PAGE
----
Table of Contents
Message from the Director
CBER Vision and Mission
Tissue Safety Team
Blood Safety Team
Vaccine Safety Team
Office of Vaccines Research and Review
Office of Cellular, Tissue and Gene Therapies
Office of Blood Research and Review
Office of Biostatistics and Epidemiology
Office of Compliance and Biologics Quality
Office of Communication, Outreach, and Development
Guidances of Note
White Oak Planning
Critical Path Research
I am pleased to issue this annual report of the Center for Biologics Evaluation and Research (CBER) for fiscal year 2010, which presents the center’s many significant accomplishments that supported our mission to protect and improve health in the United States and globally.
Some important efforts that are detailed in the report include a continued and sustained response to the H1N1 influenza pandemic as well as preparedness steps for potential future pandemics, intensive efforts to facilitate the development of medical countermeasures to combat bioterrorism and emerging infectious diseases, an increasingly robust international program rooted in international collaboration, and the successful initial implementation of a quality systems approach to CBER laboratories. And, of course, CBER continued to perform its day-in, day-out workload of product reviews, risk assessments, compliance activities, and much more that assures the availability of safe and effective biological products to the American public.
In addition, CBER’s work over FY 2010 supported over-arching priorities of the Food and Drug Administration (FDA), including efforts to advance regulatory science and research, with particular focus on facilitating the development of new biological products.
FY 2010 was an extremely productive year that reflected the continuing dedication of our outstanding staff to our mission. I would like to take this opportunity to acknowledge and thank our talented and committed staff at CBER, whose efforts made possible the many achievements noted in this report.
Karen Midthun, MD
Center for Biologics Evaluation and Research
Food and Drug Administration
The Center for Biologics Evaluation and Research (CBER) uses sound science and regulatory expertise to:
- Protect and improve public and individual health in the United States and, where feasible, globally
- Facilitate the development, approval of, and access to safe and effective products and promising new technologies including those enabling personalized medicine
- Strengthen CBER as a preeminent regulatory organization for biological products
The mission of CBER is to ensure the safety, purity, potency, and effectiveness of biological products including vaccines, blood and blood products, and cells, tissues, and gene therapies for the prevention, diagnosis, and treatment of human diseases, conditions, or injury. Through our mission, we also help to defend the public against the threats of emerging infectious diseases and bioterrorism.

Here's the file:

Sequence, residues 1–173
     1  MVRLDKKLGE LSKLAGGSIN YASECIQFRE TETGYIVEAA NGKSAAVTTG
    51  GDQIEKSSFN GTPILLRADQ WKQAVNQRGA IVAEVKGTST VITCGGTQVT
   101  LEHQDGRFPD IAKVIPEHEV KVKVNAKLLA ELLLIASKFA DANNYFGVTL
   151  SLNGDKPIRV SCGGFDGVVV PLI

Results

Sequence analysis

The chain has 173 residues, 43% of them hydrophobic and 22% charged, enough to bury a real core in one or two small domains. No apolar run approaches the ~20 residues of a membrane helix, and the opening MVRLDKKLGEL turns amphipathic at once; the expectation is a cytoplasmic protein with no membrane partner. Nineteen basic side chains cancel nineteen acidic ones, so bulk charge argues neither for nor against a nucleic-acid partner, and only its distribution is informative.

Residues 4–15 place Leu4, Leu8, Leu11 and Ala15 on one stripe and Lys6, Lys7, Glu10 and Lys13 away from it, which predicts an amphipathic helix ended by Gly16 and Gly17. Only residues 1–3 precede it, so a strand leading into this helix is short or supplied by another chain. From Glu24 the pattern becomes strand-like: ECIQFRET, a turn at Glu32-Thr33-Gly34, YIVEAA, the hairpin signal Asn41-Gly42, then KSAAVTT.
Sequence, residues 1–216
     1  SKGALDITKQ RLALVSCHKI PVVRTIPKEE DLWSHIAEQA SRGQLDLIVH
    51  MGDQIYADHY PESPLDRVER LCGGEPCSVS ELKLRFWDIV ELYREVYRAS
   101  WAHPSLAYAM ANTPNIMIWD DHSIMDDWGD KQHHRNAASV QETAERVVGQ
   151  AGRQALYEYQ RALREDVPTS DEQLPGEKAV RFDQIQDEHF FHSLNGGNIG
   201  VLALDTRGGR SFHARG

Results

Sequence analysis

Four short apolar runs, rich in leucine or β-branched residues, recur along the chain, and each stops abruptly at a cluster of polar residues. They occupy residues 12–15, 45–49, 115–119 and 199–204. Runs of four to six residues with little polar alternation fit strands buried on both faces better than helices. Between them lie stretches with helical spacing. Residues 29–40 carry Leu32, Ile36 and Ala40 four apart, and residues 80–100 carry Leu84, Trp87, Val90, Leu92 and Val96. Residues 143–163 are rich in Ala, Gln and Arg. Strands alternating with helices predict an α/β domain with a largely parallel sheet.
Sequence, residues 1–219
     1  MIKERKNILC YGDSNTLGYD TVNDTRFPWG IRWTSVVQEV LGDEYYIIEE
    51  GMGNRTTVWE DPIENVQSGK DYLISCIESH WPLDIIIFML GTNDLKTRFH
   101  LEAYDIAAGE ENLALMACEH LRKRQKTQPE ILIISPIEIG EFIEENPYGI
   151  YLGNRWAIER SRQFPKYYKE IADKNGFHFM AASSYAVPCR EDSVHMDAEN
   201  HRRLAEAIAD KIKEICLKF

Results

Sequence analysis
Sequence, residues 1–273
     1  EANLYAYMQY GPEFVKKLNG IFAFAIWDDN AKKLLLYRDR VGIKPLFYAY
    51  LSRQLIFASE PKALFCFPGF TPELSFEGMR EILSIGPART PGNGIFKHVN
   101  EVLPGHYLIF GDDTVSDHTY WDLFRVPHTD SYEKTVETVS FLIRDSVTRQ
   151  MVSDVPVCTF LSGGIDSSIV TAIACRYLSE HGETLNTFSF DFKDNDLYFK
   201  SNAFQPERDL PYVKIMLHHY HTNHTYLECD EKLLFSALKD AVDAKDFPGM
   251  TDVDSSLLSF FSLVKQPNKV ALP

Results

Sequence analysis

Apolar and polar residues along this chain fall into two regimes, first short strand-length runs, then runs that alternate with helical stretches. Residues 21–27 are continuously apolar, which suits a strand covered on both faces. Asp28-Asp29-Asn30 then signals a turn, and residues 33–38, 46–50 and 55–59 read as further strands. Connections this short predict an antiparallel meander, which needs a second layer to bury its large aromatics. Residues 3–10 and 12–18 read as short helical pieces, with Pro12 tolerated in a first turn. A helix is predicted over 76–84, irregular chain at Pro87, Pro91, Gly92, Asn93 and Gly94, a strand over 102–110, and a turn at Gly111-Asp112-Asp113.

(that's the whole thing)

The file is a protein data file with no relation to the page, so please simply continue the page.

In fulfilling our mission as a Center in the US Food and Drug Administration, we apply the highest ethical standards and integrity to:
- Develop, maintain, and support a high-quality and diverse workforce
- Ensure compliance with laws and regulations through review, education, surveillance, and enforcement
- Conduct research as an essential element of science-based decision-making
The International Program at CBER works proactively with other centers in the agency and the Office of the Commissioner to anticipate and respond to emerging global regulatory and public health issues. Its inter-office activities represent the center’s efforts to improve public health both nationally and globally.
The International Program achieves its strategic goals through several strategies:
Harmonization of international standards and technical requirements for product development and approval can facilitate streamlined global product development and more timely introduction of new medical products. Among the major harmonization efforts of CBER, together with other Agency components, are:
- International Conference on Harmonisation of Technical Requirements for Registration of Pharmaceuticals for Human Use (ICH)
- Global Harmonisation Task Force
- Asia-Pacific Economic Cooperation Life Sciences Innovation Forum Regulatory Harmonization Steering Committee
Sharing scientific and regulatory information with foreign counterparts broadens and deepens our knowledge of products, enhances our insights into global regulatory aspects of products, helps to coordinate a rigorous approach to emergency event planning and response, enhances our ability to detect adverse event signals and enables and supports best regulatory practices. The European Medicines Agency is one of FDA’s key regulatory partners with whom we exchange information ranging from specific product submissions to scientific advice and policy development. In FY 2010, CBER and EMA launched the new area of focus for information exchange devoted to blood products.
International Standards Development